In Praise of Useless Life
From my encounter with some cloistered Carmelites, Poor Clares and Cistercians; I can say that they have joy in their hearts and are contented with their lives. For the outside world it might be a useless life, but for those who live it that becomes the most beautiful way of life.
By Deslin Chelatt SJ
How often have you thought or wondered about the beauty of silence? Is it worth living a life that is hidden, doing daily chores without seeking any accolades or praises? Certainly you or me might give an answer like that of an agnostic or will use the hopeless word ‘Impossible’. Today’s world has shaped the minds to not ‘waste’ a second. Silence and solitude are seen as unproductive. Present culture pesters people to engage in something that gives one immediate sensual pleasure or ‘profit’. The virtues of patience and fortitude are despised or not cultivated. Humankind is in a rat race to assert individual prominence, power and self-glory. Noam Chomsky, the famous American social critic and philosopher says, “People with power understand exactly one thing: Violence. The amount of violence, hatred, communal clashes and war that tear apart this world stems from this human craving for Power”.
Is this only a phenomenon of the current century? No. It existed before too. In the fourth century, after becoming a royal religion, Christianity turned its direction to power and wealth. The idea of conquest crept in. As a consequence, spirituality and value system of the church began to regress. In order to protest against this culture of power and wealth that engulfed and blindfolded the church and as a reform movement, some people went into the desert and started living a life of silence, solitude, prayer and penance. They felt a void within which the institutional, hierarchical church could not fulfill. Thus monasticism began as an antithesis to royal Christianity. The context that existed in the fourth century exists today in the church and the society. Therefore, it is right to reflect about monasticism and its relevance now. By monasticism, I do not intend about the usual monks whom we see who engage in active ministries. I would like to go a little deeper; into the contemplative monastic life.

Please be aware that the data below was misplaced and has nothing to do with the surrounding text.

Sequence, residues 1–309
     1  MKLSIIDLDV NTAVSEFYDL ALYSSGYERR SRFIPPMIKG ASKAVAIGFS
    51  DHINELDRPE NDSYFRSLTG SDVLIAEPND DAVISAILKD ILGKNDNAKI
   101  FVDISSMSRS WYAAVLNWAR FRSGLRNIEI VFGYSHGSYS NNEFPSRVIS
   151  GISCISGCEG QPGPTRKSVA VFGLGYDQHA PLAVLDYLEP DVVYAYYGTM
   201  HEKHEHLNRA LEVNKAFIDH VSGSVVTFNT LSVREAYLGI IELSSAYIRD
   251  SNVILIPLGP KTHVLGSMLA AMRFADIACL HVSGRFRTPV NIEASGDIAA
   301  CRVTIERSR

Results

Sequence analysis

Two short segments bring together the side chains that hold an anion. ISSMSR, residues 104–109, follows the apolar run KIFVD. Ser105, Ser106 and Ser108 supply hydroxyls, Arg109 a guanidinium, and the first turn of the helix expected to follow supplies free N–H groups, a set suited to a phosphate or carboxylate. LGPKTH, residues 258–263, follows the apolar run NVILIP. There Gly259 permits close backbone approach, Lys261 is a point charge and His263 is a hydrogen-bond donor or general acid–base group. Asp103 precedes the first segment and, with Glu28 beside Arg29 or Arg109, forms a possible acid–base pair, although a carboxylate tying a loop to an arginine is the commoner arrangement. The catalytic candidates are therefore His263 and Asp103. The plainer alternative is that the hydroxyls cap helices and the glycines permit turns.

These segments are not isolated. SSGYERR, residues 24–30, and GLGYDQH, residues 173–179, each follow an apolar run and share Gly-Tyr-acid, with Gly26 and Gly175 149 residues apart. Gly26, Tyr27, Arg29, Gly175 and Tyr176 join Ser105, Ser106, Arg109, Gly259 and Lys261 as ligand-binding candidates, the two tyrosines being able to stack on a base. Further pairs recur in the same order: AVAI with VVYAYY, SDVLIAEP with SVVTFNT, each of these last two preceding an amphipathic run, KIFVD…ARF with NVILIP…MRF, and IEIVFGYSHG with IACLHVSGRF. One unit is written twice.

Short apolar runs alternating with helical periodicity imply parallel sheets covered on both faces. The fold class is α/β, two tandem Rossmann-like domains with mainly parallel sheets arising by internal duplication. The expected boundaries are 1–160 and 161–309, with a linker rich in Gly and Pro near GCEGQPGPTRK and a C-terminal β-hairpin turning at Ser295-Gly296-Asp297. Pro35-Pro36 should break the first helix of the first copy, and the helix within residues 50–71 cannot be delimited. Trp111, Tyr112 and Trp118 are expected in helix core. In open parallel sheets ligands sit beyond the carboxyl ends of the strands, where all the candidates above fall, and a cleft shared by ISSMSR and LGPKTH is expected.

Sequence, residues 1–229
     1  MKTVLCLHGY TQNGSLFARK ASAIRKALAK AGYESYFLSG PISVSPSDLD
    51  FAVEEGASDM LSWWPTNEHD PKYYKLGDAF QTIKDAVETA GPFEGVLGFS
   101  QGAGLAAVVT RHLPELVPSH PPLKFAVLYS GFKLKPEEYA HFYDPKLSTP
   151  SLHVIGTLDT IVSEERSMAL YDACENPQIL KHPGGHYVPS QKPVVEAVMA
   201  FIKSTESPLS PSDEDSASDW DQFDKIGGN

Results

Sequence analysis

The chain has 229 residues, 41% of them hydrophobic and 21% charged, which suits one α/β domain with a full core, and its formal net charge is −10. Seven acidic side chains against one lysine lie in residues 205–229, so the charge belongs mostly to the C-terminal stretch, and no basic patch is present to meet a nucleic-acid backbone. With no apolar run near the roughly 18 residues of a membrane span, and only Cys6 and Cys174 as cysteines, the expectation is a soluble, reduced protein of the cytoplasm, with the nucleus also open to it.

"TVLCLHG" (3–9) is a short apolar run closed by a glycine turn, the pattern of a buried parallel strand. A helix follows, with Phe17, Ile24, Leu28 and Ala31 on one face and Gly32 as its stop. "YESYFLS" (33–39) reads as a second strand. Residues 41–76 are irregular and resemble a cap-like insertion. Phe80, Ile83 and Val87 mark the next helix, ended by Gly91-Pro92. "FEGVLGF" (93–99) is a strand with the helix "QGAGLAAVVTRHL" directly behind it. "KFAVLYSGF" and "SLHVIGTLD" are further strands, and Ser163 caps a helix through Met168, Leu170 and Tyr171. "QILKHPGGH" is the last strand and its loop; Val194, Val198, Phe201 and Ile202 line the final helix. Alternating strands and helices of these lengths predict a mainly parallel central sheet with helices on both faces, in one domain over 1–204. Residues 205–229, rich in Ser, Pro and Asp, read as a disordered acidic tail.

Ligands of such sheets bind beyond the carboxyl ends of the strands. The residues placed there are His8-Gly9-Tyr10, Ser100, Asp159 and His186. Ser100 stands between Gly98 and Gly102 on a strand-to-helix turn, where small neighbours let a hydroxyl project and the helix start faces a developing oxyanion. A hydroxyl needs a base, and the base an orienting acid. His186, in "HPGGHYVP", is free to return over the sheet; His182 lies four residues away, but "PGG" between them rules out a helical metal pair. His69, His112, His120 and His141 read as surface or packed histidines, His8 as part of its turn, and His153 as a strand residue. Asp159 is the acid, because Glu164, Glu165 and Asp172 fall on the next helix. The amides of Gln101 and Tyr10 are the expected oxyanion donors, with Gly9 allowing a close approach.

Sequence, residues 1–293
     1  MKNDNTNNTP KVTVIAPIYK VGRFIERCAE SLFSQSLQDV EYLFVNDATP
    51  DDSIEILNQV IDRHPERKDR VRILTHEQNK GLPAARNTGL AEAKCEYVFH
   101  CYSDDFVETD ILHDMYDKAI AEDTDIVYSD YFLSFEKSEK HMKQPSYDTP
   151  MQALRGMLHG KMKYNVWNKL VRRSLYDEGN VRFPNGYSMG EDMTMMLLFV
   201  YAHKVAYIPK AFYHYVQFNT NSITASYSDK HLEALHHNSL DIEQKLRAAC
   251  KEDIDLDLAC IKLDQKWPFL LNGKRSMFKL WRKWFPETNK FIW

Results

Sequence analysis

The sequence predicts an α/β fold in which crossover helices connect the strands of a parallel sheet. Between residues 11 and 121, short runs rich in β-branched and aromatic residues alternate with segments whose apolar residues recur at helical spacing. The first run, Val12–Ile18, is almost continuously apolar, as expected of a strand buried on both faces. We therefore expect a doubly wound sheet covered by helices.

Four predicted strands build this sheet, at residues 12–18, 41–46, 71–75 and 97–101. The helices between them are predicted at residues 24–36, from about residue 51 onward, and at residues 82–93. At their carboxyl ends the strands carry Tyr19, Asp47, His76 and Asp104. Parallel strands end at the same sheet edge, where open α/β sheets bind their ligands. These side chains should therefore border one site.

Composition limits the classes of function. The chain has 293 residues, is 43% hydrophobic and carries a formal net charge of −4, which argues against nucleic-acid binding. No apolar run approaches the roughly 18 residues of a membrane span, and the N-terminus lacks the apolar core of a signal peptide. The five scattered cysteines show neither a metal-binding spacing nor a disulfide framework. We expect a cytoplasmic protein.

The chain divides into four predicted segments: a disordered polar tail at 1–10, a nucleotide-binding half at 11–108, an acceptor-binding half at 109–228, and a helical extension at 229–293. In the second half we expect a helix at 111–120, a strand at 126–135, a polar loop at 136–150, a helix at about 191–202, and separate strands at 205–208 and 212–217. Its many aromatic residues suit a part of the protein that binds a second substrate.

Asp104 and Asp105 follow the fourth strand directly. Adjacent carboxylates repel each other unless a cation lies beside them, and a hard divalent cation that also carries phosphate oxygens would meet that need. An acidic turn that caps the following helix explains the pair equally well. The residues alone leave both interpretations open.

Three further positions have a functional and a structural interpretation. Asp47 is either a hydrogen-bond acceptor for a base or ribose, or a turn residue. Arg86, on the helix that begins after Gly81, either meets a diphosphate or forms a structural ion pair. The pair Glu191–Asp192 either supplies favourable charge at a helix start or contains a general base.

Years ago I watched an award winning movie ‘Into Great Silence’ directed by Philip Gröning. The movie cum documentary was about the life of Carthusian monks. Carthusians are the most austere Order in the Catholic Church. I was astonished by the way those men lived their lives in utmost austerity and solitude keeping up the tradition. It needs courage to live such a life. The beauty of monastic life was portrayed well in the film. The blend of solitary and community life of Carthusians was depicted with all the details. The same daily routine with more penances can make us feel bored, but the reduction of constant change can help one focus on a single goal. Monotony can lead one to focus into the depth of oneself. Only in still waters we can see the fish. Monotony leads to creativity that emerges as the fruit of the depth dimension formed. That’s why Einstein said, ‘The monotony and solitude of a quiet life stimulates the creative mind.” The life of Teresa of Avila, Theresa of Lisieux, Thomas Merton, Basil Pennington, Paisios of Mount Athos and others like them substantiates it. Monasticism has not lost its relevance today. In fact it has become more relevant now. Many are still fascinated by this form of life.
Thomas Merton OCSO
Monk comes from the Greek word ‘monachos’ which means ‘single’ or ’one’. A monk is a person who wills only one thing. That one thing is the transcendental being ‘God’. Metaphysical definition of being is that which one, true, beauty and good is. Kierkegaard mentions that the characteristic of a saint is to will one thing. Willing and living for a single goal that is beauty and truth, with undivided heart brings tremendous changes in the person and in the world around. Willing one thing leads to depth. Profoundness in words, deeds and thoughts are that which can lead humanity to peace and harmony. World looks for depth. People with depth are like magnets that can attract many. Today we see the surge of many foreigners to the orient lands in search of meaning and depth. Not only are the people in the West, all of us actually having a longing towards something deep. People are realizing slowly the meaninglessness of the materialistic and hedonistic culture and they look for something deep. As Augustine rightly pointed out, “Our hearts are restless until they rest in God.” Monks are on this journey of finding God in depth, a much more focused journey towards this end. The contemplative traditions of Benedict, Bruno, Teresa of Avila, and Colette give us a glimpse of this fact.
Contemplative life is not aiming at individual salvation but it aims at the cosmic salvation. A contemplative offers his or her life of prayer for the whole world. The whole cosmos is its concern. That’s why still people seek the prayers of contemplatives in their needs. We know from history how St Theresa of Lisieux who never stepped out of the Carmel Convent became Patroness of the Missions along with the great missionary, St Francis Xavier. We cannot close our eyes towards the good they do through their prayers. On the occasion of the Pro Orantibus Day, held November 21, 2018 Pope Francis while speaking to the contemplative men and women asked, “What would become of the Church without the contemplative life? What would become of the weaker members of the Church who find in you a support to continue the journey? What would happen to the Church and the world without the beacons that signal the port to those who are lost on the high seas, without the torches that illuminate the dark night we are going through, without the sentinels announcing the new day when it is still night?”
Trappist Monastery in Kentucky